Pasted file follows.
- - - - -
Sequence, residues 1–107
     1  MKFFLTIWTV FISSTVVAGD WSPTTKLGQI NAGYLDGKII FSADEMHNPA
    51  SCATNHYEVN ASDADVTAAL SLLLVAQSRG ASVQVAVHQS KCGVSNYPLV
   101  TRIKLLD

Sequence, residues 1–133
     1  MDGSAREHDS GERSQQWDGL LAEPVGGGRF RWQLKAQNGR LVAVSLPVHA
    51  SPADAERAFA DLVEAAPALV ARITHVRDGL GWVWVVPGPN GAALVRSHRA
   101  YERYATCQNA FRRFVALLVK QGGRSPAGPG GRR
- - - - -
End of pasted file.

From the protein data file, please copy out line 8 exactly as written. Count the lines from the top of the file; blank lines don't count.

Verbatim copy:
   101  YERYATCQNA FRRFVALLVK QGGRSPAGPG GRR